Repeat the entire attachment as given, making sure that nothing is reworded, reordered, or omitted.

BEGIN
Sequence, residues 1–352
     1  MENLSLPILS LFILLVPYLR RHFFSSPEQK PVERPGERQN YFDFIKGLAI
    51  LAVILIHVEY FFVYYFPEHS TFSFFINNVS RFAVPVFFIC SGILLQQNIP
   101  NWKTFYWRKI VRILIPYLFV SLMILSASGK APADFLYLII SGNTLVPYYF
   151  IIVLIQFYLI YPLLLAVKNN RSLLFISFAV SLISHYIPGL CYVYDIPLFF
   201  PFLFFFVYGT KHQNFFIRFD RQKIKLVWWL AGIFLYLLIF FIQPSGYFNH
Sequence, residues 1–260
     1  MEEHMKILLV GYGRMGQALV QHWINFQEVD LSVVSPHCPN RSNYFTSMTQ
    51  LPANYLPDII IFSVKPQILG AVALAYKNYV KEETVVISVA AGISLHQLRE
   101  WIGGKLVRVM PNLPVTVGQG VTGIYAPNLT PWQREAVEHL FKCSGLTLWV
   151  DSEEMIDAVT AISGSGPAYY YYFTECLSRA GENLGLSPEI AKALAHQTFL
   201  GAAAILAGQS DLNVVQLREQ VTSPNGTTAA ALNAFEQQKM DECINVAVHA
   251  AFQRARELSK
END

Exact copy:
Sequence, residues 1–352
     1  MENLSLPILS LFILLVPYLR RHFFSSPEQK PVERPGERQN YFDFIKGLAI
    51  LAVILIHVEY FFVYYFPEHS TFSFFINNVS RFAVPVFFIC SGILLQQNIP
   101  NWKTFYWRKI VRILIPYLFV SLMILSASGK APADFLYLII SGNTLVPYYF
   151  IIVLIQFYLI YPLLLAVKNN RSLLFISFAV SLISHYIPGL CYVYDIPLFF
   201  PFLFFFVYGT KHQNFFIRFD RQKIKLVWWL AGIFLYLLIF FIQPSGYFNH
Sequence, residues 1–260
     1  MEEHMKILLV GYGRMGQALV QHWINFQEVD LSVVSPHCPN RSNYFTSMTQ
    51  LPANYLPDII IFSVKPQILG AVALAYKNYV KEETVVISVA AGISLHQLRE
   101  WIGGKLVRVM PNLPVTVGQG VTGIYAPNLT PWQREAVEHL FKCSGLTLWV
   151  DSEEMIDAVT AISGSGPAYY YYFTECLSRA GENLGLSPEI AKALAHQTFL
   201  GAAAILAGQS DLNVVQLREQ VTSPNGTTAA ALNAFEQQKM DECINVAVHA
   251  AFQRARELSK